DKMS

DKMS Africa is rallying South Africans to start the new year by helping get teacher Zweli back to his classroom; he needs to find a blood stem cell donor.

 

South Africa (24 January 2023) – DKMS Africa is rallying South Africans to help get primary school teacher Zweli back to his classroom this year. To do so, they are trying to find him a matching donor to help him fight his sudden diagnosis of Severe Aplastic Anaemia.

36-year-old Zweli went to the doctor on the 24th of December 2021 after struggling with his sight, bleeding gums and fatigue. The doctor ran blood tests and on Christmas morning, he was rushed to the hospital to receive his diagnosis. His illness has meant he was unable to get back to his classroom in 2022 and now, the hope is a match can be found so he can get back as soon as possible.

DKMS Africa hopes to find him a blood stem cell donor who can save his life. Given that only a third of patients find a matching donor in their family, Zweli needs a perfect stranger to save his life.

Crediting his wife as his source of hope, he expressed his deep admiration for her strength and thanked God for blessing him with a lifelong companion, a supportive family, and colleagues.

You can register here.

How to help and why you should

DKMS Africa shared that a blood stem cell is an immature cell that can develop into all types of blood cells, including white blood cells, red blood cells, and platelets. Blood stem cells are found in the peripheral blood and the bone marrow. Also called a hematopoietic stem cell.

Registering to become a blood stem cell donor takes 5 minutes on the DKMS website. It’s free, requires no surgery, and does not depend on blood type.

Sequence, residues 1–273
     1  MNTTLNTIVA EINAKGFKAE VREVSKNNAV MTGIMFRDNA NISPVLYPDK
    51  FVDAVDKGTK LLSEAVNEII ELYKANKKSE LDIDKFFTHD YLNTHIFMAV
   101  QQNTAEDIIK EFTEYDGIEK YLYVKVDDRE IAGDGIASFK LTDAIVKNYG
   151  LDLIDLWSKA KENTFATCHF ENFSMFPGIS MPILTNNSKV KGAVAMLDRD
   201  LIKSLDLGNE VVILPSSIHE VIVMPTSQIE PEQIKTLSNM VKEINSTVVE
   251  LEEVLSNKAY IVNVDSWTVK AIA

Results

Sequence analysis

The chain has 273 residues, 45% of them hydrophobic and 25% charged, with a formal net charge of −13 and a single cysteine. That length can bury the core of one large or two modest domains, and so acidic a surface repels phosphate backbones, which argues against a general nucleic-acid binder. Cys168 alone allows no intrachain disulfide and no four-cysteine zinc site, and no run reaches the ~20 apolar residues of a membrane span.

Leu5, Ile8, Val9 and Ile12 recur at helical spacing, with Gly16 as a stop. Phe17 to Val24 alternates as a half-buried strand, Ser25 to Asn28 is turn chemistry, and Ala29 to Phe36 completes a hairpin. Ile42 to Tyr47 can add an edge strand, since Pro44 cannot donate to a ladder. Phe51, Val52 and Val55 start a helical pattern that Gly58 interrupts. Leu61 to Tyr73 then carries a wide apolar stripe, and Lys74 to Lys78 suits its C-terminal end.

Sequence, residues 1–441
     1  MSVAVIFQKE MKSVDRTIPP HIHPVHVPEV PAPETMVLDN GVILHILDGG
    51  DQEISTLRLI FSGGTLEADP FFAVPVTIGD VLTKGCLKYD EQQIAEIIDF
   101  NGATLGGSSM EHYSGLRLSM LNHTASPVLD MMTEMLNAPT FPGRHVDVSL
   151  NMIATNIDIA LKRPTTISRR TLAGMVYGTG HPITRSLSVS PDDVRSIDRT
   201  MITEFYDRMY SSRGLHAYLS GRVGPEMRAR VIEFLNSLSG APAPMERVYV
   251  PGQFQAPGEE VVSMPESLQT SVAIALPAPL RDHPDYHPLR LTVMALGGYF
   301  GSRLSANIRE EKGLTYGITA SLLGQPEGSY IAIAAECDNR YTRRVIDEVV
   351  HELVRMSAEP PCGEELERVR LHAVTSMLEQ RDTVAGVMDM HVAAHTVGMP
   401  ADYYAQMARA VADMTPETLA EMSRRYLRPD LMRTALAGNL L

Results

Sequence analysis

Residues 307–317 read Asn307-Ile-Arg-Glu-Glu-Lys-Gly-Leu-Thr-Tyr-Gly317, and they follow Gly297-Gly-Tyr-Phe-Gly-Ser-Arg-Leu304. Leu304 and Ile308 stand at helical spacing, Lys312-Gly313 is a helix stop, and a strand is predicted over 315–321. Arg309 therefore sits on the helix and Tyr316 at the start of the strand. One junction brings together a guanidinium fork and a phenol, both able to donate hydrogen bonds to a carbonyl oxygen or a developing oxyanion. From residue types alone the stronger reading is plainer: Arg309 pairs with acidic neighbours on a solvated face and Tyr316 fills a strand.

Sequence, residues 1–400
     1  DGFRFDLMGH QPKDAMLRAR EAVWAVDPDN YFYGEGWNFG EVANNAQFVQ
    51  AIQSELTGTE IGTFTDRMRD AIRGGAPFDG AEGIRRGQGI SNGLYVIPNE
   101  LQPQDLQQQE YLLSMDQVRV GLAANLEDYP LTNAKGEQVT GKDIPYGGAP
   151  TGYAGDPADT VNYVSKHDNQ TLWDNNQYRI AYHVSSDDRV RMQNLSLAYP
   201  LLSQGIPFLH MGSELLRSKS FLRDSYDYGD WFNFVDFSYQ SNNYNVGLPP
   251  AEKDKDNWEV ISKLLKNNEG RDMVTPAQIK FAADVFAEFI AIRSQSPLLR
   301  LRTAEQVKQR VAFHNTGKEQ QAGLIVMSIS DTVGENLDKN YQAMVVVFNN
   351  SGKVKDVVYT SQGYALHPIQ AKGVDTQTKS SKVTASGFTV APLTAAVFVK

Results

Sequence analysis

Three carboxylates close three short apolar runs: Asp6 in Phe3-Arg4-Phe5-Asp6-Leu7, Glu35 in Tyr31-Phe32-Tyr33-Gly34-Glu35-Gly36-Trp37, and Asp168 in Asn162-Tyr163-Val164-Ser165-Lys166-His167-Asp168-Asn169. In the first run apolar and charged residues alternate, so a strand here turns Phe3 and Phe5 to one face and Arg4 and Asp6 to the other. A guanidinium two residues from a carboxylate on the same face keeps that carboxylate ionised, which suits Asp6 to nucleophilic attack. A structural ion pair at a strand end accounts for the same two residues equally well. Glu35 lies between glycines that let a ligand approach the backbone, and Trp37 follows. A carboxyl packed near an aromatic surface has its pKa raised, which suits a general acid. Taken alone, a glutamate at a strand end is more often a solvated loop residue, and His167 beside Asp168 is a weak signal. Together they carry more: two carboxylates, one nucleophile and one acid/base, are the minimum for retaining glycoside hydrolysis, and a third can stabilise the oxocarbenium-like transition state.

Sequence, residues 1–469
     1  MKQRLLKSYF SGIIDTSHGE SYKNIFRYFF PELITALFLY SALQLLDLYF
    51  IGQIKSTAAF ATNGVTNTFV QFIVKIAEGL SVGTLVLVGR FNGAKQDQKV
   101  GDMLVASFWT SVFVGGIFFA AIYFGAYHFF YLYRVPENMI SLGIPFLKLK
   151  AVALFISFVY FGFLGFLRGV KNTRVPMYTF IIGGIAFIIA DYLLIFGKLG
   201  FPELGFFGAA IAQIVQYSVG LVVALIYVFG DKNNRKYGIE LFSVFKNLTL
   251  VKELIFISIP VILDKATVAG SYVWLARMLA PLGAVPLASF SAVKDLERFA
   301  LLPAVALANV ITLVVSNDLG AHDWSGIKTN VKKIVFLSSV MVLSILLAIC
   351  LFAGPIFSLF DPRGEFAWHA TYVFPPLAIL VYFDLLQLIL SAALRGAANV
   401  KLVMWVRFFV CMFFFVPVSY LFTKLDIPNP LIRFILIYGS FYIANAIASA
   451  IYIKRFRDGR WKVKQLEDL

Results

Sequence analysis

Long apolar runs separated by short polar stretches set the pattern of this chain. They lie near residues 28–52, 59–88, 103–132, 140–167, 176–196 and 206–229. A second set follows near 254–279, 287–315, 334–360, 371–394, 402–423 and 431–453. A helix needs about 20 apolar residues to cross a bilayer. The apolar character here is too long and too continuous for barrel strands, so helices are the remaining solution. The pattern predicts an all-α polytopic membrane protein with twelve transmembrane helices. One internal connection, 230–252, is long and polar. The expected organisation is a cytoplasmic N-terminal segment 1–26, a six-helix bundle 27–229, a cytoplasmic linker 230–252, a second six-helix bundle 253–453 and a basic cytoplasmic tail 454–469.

Once registered, a swab kit will be sent to you and then collected so your swabs can be sent to the lab for typing before you are added to the global registry. If you are a match for someone, DKMS will contact you directly.

“The chances of being a match for someone are currently 1 in 100 000 and a South African is diagnosed with a blood cancer or blood disorder every 72 minutes.

Black, Coloured, Indian, and Asian patients have a 19% chance of finding a match and a second chance at life.

Matches are based on tissue type and a patient is most likely to match with someone of the same ethnic group which is why having a diverse donor registry improves the chances of these patients finding a match. You will only be required to donate your stem cells if you are found to be a match for someone.” – DKMS

DKMS has registered over 10.5 million donors globally and facilitated more than 91 000 transplants; this means 91 000 second chances of life for patients suffering from a life-threatening blood disorder.

Having more donors improves the chances that a patient will be able to find their match. Getting more people to register means correcting longstanding misconceptions about what it means to be a bone marrow donor. Being a donor is not as painful, invasive or permanent as many people believe.

If you are between the ages of 18 – 55 and in general good health, request a swab kit at dkms-africa.org. It starts with a swab, and it ends with saving a life!

There are other ways to support blood cancer and blood disorder patients if you are not eligible to donate blood stem cells. You can help DKMS Africa spread awareness, host donor drives, contribute financially and order and distribute swab kits to your network. You can find out more here.


Sources: DKMS
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Tyler Leigh Vivier is a writer for Good Things Guy.

Her passion is to spread good news across South Africa with a big focus on environmental issues, animal welfare and social upliftment. Outside of Good Things Guy, she is an avid reader and lover of tea.

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